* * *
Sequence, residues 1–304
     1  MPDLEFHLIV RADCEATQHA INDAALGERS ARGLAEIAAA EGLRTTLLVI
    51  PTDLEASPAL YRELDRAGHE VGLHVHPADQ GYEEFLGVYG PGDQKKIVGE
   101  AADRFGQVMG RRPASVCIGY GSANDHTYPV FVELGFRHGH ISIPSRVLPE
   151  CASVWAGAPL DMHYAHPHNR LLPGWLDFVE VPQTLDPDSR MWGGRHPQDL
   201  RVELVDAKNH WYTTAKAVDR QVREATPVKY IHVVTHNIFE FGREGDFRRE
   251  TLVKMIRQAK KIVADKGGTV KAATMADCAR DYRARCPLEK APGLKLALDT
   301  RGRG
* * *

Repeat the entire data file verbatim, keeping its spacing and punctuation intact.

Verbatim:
Sequence, residues 1–304
     1  MPDLEFHLIV RADCEATQHA INDAALGERS ARGLAEIAAA EGLRTTLLVI
    51  PTDLEASPAL YRELDRAGHE VGLHVHPADQ GYEEFLGVYG PGDQKKIVGE
   101  AADRFGQVMG RRPASVCIGY GSANDHTYPV FVELGFRHGH ISIPSRVLPE
   151  CASVWAGAPL DMHYAHPHNR LLPGWLDFVE VPQTLDPDSR MWGGRHPQDL
   201  RVELVDAKNH WYTTAKAVDR QVREATPVKY IHVVTHNIFE FGREGDFRRE
   251  TLVKMIRQAK KIVADKGGTV KAATMADCAR DYRARCPLEK APGLKLALDT
   301  RGRG